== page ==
|No.1 February 2007|
|Crop Prospects and Food Situation|
Global cereal production brief
Good prospects for the 2007 wheat crops already in the ground in the northern hemisphere augur well for an overall recovery in global wheat output during the year. In Europe, the winter wheat area has expanded in several major producing countries and crops are generally reported to be developing well throughout the region, favoured by mostly adequate moisture supplies and mild temperatures. Of particular note is the early potential for a strong recovery in the east of the region (the Russian Federation and Ukraine) after below-average harvests last year. The exceptionally advanced state of crop development in many parts (compared to a normal year), and lack of protective snowcover, gives rise to some concern over the resistance of plants should temperatures suddenly drop, but for the moment at least, output prospects are good. In North America, the winter wheat area in the United States has expanded to the largest since 2003, and the condition of the crop is generally good. Improvements have even been reported in previously dry southern parts after the arrival of beneficial rains in December. In Asia, a smaller winter wheat crop is in prospect in China: the planted area decreased somewhat and a return to average yields after last year’s record levels is expected. By contrast, a larger output is expected in India, where the crop is already well developed: plantings increased sharply and conditions have been generally favourable. In North Africa, the wheat crop prospects are good in Egypt, the subregion’s major wheat producer, but less certain in other parts where, following a dry planting season, good rains will be necessary during the remainder of the season to avoid significant yield reductions.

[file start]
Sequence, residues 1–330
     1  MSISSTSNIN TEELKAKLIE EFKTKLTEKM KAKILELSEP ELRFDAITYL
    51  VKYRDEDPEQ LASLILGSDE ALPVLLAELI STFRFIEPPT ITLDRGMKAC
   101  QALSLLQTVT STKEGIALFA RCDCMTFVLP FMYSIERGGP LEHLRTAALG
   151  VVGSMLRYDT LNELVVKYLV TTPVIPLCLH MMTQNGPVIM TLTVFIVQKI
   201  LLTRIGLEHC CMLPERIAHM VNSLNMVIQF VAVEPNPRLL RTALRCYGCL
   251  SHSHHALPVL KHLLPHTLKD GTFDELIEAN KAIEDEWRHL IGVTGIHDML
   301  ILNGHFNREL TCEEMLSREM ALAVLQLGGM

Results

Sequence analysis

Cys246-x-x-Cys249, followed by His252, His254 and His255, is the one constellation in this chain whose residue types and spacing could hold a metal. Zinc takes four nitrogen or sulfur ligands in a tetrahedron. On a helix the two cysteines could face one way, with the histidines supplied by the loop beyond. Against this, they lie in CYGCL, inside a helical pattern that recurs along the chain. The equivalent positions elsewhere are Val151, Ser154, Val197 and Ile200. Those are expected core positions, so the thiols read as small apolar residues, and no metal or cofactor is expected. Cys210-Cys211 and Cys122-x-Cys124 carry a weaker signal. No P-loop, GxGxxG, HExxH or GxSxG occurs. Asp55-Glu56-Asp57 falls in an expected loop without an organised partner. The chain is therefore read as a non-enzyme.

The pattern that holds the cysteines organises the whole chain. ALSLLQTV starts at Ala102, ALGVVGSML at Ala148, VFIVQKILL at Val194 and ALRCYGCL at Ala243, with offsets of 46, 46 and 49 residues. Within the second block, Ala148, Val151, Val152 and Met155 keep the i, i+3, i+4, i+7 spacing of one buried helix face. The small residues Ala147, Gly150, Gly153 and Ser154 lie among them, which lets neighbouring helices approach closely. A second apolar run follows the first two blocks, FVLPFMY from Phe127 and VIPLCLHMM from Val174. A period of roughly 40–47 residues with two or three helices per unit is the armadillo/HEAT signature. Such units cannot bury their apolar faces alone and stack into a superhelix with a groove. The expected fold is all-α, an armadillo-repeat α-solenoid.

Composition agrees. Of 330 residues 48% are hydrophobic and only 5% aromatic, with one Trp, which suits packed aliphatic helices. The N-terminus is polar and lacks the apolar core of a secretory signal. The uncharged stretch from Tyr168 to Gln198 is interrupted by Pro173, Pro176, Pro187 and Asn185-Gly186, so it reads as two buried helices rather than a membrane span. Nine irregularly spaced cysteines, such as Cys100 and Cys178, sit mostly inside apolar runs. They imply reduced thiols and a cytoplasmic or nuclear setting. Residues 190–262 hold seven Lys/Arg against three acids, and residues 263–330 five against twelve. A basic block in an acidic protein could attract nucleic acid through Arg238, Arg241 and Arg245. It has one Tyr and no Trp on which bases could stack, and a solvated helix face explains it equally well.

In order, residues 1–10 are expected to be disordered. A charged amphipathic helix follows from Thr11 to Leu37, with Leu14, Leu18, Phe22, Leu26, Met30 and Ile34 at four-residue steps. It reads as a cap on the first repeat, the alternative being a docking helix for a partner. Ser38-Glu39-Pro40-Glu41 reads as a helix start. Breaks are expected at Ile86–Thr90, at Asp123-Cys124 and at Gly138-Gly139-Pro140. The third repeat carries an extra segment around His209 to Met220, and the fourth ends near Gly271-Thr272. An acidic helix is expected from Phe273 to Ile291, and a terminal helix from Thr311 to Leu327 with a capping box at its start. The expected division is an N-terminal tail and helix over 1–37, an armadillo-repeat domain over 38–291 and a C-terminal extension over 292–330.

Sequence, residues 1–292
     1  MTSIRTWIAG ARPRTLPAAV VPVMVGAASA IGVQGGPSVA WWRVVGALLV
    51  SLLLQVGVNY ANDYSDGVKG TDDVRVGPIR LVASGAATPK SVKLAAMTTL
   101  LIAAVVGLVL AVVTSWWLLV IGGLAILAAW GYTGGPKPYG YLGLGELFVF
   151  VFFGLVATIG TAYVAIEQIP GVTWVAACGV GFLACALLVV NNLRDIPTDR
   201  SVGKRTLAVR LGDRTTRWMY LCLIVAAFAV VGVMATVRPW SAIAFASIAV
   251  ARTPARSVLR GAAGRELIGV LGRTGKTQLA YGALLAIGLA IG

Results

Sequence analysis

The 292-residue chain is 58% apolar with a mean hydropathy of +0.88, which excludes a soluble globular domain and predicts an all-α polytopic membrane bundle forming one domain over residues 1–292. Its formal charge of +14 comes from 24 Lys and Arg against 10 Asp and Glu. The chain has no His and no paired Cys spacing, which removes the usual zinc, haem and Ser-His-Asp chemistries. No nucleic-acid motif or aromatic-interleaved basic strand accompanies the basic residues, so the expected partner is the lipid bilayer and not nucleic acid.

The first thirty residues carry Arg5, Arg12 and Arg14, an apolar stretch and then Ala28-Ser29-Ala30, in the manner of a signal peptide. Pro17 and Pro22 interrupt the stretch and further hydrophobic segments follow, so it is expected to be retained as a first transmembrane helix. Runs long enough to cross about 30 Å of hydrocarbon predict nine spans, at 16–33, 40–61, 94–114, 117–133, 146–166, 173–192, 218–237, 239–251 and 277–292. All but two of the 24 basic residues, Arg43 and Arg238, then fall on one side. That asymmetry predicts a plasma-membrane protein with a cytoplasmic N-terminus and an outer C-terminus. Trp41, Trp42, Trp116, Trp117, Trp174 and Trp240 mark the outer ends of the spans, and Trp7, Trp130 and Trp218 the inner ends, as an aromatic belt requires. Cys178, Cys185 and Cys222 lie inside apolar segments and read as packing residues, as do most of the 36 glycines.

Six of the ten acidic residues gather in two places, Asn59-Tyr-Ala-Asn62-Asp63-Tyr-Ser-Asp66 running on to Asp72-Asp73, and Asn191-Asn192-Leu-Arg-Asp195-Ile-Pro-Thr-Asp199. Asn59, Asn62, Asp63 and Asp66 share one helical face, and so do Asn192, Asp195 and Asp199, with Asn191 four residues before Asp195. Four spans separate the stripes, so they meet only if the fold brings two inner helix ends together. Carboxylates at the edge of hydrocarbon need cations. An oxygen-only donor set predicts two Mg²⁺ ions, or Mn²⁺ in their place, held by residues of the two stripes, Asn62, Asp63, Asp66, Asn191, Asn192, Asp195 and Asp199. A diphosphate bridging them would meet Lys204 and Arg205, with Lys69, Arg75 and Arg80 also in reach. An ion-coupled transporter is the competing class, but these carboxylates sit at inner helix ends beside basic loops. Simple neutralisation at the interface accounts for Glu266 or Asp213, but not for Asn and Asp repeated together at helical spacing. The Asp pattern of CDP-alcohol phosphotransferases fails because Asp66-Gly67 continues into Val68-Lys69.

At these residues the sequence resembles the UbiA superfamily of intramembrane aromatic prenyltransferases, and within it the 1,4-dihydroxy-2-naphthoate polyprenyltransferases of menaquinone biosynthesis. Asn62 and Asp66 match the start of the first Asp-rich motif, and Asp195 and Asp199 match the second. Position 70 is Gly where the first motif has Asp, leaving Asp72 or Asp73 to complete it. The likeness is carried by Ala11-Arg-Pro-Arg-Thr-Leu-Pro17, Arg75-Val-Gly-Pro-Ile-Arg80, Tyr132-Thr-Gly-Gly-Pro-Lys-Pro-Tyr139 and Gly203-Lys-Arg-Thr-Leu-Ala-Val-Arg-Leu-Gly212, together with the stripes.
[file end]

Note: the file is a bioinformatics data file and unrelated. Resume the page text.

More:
The first of the major 2007 coarse grain crops are already planted in some countries. In South America, early estimates suggest the area planted has remained unchanged from last year but yield prospects are reported to be very good following abundant precipitation in key producing areas of Argentina and Brazil. In southern Africa, outlook is generally favourable at the level of the subregion but uncertain in some countries. Largely contributing to the favourable outlook is a significant increase in the area planted in South Africa, the subregion’s major producer. Recent heavy rainfall has been mostly beneficial for developing crops, after erratic precipitation in the early part of the season, although it caused localized floods and crop damage in some parts.
The 2007 paddy season is well advanced in the southern hemisphere rice producing areas, with the harvest due to commence from March-April. The outlook is still rather mixed. Production forecasts are unfavourable for Australia due to persisting drought, but more promising in Indonesia in view of increased government support to the sector. In Brazil, where harvesting is underway, the 2006 output is forecast about average, below last year’s bumper level due to lower plantings and yields.
Table 1. World cereal production1 ( million tonnes)
1Includes rice in milled terms.
Note: Totals computed from unrounded data.
Global cereal output in 2006 is estimated at 1 996 million tonnes (rice in milled terms), up slightly since the previous report, mostly on account of revisions for wheat, but still 2.7 percent down from the previous year. The forecast for world wheat production in 2006 now stands at almost 598 million tonnes, 4.4 percent less than in 2005, largely due to reduced plantings and/or adverse weather in some of the world’s major producing and exporting countries, including the United States, several European countries and Australia. For coarse grains, the estimate of output in 2006 is now put at 978.2 million tonnes, which would be 2.6 percent down from 2005. Reduced plantings and adverse weather in some of the afore-mentioned countries is again the principal cause of the reduction.
FAO’s forecast for global rice production in 2006 has been revised downward marginally since the last report and now stands at 420 million tonnes (in milled terms), 0.4 percent below the 2005 level. As more of the 2006 rice crops reached completion, latest information indicated somewhat smaller than expected crops in some major Asian producing countries, namely Bangladesh, Pakistan, Thailand and Viet Nam. However, these downward revisions were partially offset by higher final official production estimates for Japan and the Republic of Korea.
|GIEWS||global information and early warning system on food and agriculture|